After a successful career in the private sector, Mario Morino “retired” in 1992 to work in the social sector. A co-founder of Venture Philanthropy Partners, Morino has galvanized funds, expertise, and his network of relationships toward improving the lives of children in the National Capital Region of Washington, D.C. Morino’s 2011 book Leap of Reason was hailed as a “must-read” by leaders from all backgrounds: including Harlem Children’s Zone’s Geoff Canada, Harvard Kennedy School’s political analyst David Gergen, and venture capitalist Steve Denning of General Atlantic. This week, Morino wrapped up a successful two-day conference titled: “After the Leap: Building a Performance Management Culture” that brought together leaders from all sectors in a frank, practical dialogue about what it really takes to create this cultural shift.
Susan Wolf Ditkoff: In Leap of Reason, you describe how funders sometimes contribute to grantee underperformance, despite their best intentions. Tell us more.
Mario Morino: As I see it, the whole system sets nonprofits up for struggle and starvation, not for solving challenges. We funders should be supporting nonprofit leaders to build strong, high-performance organizations. Instead, we cause them to think incrementally—month to month and hand to mouth. We often treat them as contractors to carry out our programs. We often say we’re focused on results. But really what we’re doing is demanding more information on results without wanting to invest to help leaders build evidence of their work or paying enough attention to what leaders actually need to produce those results.
Leaders need funders who are willing to make large, multi-year investments in helping them rethink their models and strengthen their management muscle and rigor. That approach is at the core of what Venture Philanthropy Partners does.
Why is this results-orientation so rare?
First, funders don’t fully fund the type of “overhead” that leads to high-performing organizations—the kind of investments that are de rigueur in the private sector and simply considered good management. We unfortunately lump essential management functions, including developing and tracking outcomes and leadership development, into “overhead.” Leadership development isn’t sexy. Performance management processes aren’t sexy. And nonprofits don’t have enough discretionary capital to fund these expenses on their own—they are completely starved for capital. Funders (and government, for that matter) set arbitrary overhead ratios that don’t actually support high-performing nonprofits. If more funders funded the executive management development and organization-building necessary to manage their operations in this way, we’d be far better off. If more funders rewarded leaders for making outcomes-based decisions, we’d be far better off. Many leaders in our sector are charismatic and passionate and visionary, but were knighted into their roles and haven’t benefited from the training and on-the-job development that would better enable them to do basic blocking-and-tackling management skills well.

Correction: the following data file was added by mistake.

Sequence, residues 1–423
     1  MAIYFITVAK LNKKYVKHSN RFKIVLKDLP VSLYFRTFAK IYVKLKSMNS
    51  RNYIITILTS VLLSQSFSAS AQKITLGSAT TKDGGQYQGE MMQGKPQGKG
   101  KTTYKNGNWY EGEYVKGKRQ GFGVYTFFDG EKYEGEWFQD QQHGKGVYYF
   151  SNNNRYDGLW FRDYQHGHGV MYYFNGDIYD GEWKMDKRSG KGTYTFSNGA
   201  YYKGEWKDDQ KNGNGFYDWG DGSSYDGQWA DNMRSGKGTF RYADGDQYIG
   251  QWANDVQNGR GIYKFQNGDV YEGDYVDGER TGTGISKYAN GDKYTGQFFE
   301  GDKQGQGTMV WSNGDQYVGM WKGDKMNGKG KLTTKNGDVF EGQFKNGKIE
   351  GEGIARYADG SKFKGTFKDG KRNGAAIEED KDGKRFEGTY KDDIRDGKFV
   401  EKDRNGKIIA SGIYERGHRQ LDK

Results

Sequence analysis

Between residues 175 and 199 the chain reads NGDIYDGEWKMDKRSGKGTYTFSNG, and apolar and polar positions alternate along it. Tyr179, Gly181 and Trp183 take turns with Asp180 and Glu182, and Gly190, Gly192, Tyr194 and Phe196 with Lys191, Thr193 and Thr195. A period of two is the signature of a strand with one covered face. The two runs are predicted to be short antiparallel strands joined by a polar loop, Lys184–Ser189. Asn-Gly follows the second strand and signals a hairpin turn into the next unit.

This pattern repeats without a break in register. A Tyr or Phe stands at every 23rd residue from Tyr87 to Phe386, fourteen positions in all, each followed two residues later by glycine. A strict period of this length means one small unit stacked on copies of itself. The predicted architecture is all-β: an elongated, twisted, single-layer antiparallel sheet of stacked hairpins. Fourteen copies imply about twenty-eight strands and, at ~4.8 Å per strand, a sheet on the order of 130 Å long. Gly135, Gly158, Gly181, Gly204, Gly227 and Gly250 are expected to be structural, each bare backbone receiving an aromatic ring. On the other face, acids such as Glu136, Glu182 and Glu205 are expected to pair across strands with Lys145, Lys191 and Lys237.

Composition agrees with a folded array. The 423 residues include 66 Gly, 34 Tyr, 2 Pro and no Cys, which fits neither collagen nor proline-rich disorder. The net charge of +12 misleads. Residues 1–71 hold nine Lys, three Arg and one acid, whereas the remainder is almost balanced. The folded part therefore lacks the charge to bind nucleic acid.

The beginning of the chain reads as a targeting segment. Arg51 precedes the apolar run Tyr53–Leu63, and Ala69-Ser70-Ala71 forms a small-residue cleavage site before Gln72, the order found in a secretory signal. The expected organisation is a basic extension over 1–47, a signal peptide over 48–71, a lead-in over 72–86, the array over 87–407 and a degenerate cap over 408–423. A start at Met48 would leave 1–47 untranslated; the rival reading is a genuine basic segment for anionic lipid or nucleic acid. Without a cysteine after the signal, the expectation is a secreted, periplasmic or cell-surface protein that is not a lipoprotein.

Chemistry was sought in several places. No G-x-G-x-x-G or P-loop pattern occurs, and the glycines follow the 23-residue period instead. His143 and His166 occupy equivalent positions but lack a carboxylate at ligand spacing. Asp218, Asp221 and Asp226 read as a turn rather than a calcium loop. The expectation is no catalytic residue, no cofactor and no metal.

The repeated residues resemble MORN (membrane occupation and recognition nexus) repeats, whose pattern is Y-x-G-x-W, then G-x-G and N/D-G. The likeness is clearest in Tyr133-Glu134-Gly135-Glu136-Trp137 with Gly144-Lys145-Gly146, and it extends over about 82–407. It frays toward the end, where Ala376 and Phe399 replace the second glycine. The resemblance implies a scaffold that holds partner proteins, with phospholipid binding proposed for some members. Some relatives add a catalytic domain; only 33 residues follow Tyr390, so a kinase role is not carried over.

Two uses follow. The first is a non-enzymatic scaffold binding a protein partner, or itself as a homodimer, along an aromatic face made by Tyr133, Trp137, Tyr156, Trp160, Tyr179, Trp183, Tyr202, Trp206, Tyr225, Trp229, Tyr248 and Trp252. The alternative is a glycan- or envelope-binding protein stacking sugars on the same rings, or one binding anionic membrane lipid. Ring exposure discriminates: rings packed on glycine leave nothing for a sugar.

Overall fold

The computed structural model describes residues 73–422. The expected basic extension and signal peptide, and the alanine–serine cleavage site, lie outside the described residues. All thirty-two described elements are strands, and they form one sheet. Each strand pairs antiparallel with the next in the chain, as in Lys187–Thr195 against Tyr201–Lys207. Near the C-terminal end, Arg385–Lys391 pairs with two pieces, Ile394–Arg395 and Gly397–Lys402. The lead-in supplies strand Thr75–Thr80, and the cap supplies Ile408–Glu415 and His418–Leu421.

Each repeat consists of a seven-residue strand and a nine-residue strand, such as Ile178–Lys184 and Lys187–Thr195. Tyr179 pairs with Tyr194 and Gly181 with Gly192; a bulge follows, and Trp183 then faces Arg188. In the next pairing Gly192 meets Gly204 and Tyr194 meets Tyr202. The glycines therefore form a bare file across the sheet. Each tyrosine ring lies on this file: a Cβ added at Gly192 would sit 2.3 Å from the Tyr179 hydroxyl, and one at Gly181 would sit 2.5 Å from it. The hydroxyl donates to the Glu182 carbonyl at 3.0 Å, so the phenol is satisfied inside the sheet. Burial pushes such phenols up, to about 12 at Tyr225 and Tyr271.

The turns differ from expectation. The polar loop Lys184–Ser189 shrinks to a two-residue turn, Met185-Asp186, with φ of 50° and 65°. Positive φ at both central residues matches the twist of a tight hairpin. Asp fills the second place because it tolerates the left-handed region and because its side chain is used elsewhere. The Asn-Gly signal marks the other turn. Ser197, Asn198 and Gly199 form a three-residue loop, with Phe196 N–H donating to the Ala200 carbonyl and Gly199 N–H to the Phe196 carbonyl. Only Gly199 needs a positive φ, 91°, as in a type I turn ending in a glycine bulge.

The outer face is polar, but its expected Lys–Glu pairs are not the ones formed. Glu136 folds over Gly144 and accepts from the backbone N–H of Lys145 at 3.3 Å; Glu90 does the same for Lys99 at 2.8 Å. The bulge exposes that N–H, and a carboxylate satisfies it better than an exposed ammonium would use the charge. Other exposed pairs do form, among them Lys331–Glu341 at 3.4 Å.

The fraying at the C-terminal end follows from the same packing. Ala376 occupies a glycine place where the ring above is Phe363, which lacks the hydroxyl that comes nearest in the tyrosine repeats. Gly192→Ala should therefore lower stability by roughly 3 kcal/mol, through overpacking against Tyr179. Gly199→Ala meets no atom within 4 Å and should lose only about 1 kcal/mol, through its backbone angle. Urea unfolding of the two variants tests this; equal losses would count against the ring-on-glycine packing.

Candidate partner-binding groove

Video: Mario Morino on how leadership sets the tone for culture and performance.
What landmines do funders who do want to focus on outcomes encounter?
Unfortunately, even funders who do push for an outcomes orientation can do so in a wrong-headed way. Let me give an example. Sometimes funders establish performance metrics tied to very specific targets or milestones. Sometimes funders insist that those milestones be established years in advance—when we know that the world changes, and that the nonprofits and funders need to adapt too. The goal must be to help grantees define and use current information to manage their operations toward outcomes. They need relevant, timely data and the flexibility to track, course correct, and adapt their approach when necessary to stay focused on the ultimate results they’re pursuing. The goal of performance management must be to fuel learning and improvement by and within the staff so that nonprofits can keep getting better and better at meeting the needs of those they serve.
What’s the single best piece of advice you have for private funders?
In my experience, it’s all about building a trusted relationship. Strive to earn that relationship. It’s easy to say, but hard to do. Fear of retribution by funders means many nonprofits fear sharing any form of bad news, especially information on their performance; it’s just too risky. They need funders who will work with them to fix what went wrong, rather than pull out on them. Nonprofit leaders know whether they sit across the table from a punitive funder or one who is truly invested in their success. Funders need to focus on helping leaders build high-performing organizations with a sharp focus on outcomes in an adaptive way, rather than with a linear and narrow mindset, and they need to financially incentivize and emotionally and intellectually encourage their grantees to do so as well.